Climbing a ladder, doing building maintenance, or even just walking on an elevated construction site may lead to a fall (learn more about Fall Protection and Ladders). Falling is a consistent hazard in many industries and it remains the number one cause of fatality in construction, accounting for 39.9% of deaths in 2014, according to data from the Bureau of Labor Statistics. And given that the number of deaths from falls has increased each years since 2011, it's clear that we should be doing more to keep workers safe.

Employer Responsibilities

Employers are in charge of making sure that the workplace or job site has the strength and structural integrity required to adequately support the weight of the workers. Generally, when construction workers are working six feet or higher above a lower level, employers are required to provide fall protection.

What Is Fall Protection?

Fall protection is a system designed to protect workers who may lose their balance while working in heights, preventing hazards and minimizing potential injuries. Fall protection can include guardrails, safety nets, or personal fall arrest systems (find out whether you should use fall arrest or protection at your job site).

Fall protection products are usually divided into categories such as fall arrest, positioning, suspension, and retrieval.

Fall Protection Equipment Malfunctions

Ed Bickrest, in an article from EHS Today, cited six major recurring errors in fall protection:

  • Ignoring the use of fall protection equipment.
  • Incorrectly using fall protection gear, like wearing harnesses too loosely and using shock-absorbing lanyards in areas with inadequate fall clearance (learn about the relationship between Fall Arrest Force and Clearance).
  • Using equipment beyond their lifespan. Signs of deformity, cuts, and fraying are a good way of identifying whether the equipment has passed its term of service (learn more about the Life Expectancy of Fall Protection Equipment).
  • Lack of instructions in the appropriate language.
  • Selecting the wrong anchorage. As Bickrest notes, “The best harness with the best lanyard or lifeline cannot arrest a fall if unsuitable anchorages are selected.”
  • Waiting for a fall before taking action. Don’t let a fall happen before updating the workplace environment or your organization's fall protection work processes.

How to Inspect Fall Protection Before Use

Maintaining fall protection equipment is crucial in any workplace that uses it. The service life and performance of your system may be the key to saving someone’s life when a hazard arises. Make it a routine to have a competent person visually inspect the equipment before each use.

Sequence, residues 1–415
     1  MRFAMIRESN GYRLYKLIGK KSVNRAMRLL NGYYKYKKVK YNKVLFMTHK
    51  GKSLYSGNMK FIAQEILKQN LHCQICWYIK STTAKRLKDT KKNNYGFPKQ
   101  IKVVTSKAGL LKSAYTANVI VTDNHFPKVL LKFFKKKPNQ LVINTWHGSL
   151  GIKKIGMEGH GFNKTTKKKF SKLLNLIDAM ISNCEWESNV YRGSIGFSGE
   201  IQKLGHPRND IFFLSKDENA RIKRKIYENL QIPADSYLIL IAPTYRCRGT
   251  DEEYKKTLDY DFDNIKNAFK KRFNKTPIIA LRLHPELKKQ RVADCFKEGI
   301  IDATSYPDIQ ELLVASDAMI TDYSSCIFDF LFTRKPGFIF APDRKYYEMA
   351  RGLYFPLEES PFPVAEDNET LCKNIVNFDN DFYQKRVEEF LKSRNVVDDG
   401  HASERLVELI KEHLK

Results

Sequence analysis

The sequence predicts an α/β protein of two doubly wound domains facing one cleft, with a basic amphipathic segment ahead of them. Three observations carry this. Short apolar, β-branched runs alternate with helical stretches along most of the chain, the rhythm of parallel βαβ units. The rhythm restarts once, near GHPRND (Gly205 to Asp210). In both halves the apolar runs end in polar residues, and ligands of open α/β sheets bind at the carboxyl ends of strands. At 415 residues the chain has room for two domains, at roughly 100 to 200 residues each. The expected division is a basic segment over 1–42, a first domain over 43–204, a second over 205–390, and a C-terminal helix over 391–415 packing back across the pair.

Here are a few tips to keep in mind:

  • Do not use the equipment if there is any doubt in its safety. Bring your concerns to your supervisor or any competent person who has undergone training about defects and safety issues. If the equipment is defective, replace it immediately.
  • Change any equipment that has been involved in a fall.
  • Have an annual inspection of fall protection equipment from a competent person. Always keep written records of inspections.
  • Always follow the manufacturer’s guidelines about the use and limitations of the product, hazard warnings, fit and adjustment, proper application, and maintenance and care.

Responsibilities of a Competent Person

Either by training or experience, always have a competent person in your workplace to identify, assess, and correct any fall hazards. OSHA defines a “competent person” as "one who is capable of identifying existing and predictable hazards in the surroundings or working conditions which are unsanitary, hazardous, or dangerous to employees, and who has authorization to take prompt corrective measures to eliminate them" (find out how to differentiate hazards from dangers).

Plan. Provide. Train.

OSHA’s fall prevention campaign in construction offers three simple steps in fall prevention: Plan. Provide. Train.

  • Plan ahead — When determining how to get a job at heights done, take the time to plan out all the tasks that will be involved and the safety equipment appropriate for each of these tasks.
  • Provide the right equipment — Employers must provide the right kind of equipment, such as ladders, scaffolds, and fall protection equipment, in order to get the job done safely (find out whether you can use scaffold cross bracing instead of guardrails).
  • Train workers on how to use equipment safely — By training workers, employers will equip them with the knowledge needed to identify hazards and properly setting up and using the equipment provided.
A comprehensive fall protection program may be handled in different ways but the common goal is always the same: keeping workers safe while getting the job done.